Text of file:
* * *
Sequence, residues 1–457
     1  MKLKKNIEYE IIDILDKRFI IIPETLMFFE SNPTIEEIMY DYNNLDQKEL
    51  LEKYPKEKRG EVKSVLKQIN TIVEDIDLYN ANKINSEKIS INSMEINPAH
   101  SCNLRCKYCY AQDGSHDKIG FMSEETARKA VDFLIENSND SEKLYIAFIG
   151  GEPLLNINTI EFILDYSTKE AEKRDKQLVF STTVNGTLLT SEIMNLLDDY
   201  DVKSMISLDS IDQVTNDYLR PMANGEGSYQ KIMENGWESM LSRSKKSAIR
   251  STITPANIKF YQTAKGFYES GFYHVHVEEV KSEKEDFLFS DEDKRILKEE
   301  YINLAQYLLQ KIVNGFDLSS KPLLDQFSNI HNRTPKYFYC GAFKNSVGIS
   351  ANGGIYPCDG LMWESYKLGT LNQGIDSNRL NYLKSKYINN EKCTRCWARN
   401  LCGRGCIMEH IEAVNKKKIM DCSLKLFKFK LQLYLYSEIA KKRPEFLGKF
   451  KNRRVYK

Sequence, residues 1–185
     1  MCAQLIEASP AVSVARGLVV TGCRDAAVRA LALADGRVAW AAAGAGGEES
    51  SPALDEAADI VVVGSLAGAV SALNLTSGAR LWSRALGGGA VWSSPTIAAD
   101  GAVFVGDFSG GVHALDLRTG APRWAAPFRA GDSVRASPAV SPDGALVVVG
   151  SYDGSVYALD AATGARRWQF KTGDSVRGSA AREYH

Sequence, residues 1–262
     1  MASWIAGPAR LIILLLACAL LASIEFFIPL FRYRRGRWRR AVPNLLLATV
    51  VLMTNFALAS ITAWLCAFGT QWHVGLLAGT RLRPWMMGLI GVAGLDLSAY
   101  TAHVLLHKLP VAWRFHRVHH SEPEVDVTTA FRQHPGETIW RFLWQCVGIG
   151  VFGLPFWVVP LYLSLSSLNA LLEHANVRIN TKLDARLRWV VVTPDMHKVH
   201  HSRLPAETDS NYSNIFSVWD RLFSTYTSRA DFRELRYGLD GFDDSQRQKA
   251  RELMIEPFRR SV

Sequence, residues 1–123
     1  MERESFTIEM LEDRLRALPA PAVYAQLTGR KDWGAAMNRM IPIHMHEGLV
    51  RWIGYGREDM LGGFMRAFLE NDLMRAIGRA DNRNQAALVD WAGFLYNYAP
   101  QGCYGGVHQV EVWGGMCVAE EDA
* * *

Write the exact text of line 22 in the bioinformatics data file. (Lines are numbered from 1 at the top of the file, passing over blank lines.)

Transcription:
   201  HSRLPAETDS NYSNIFSVWD RLFSTYTSRA DFRELRYGLD GFDDSQRQKA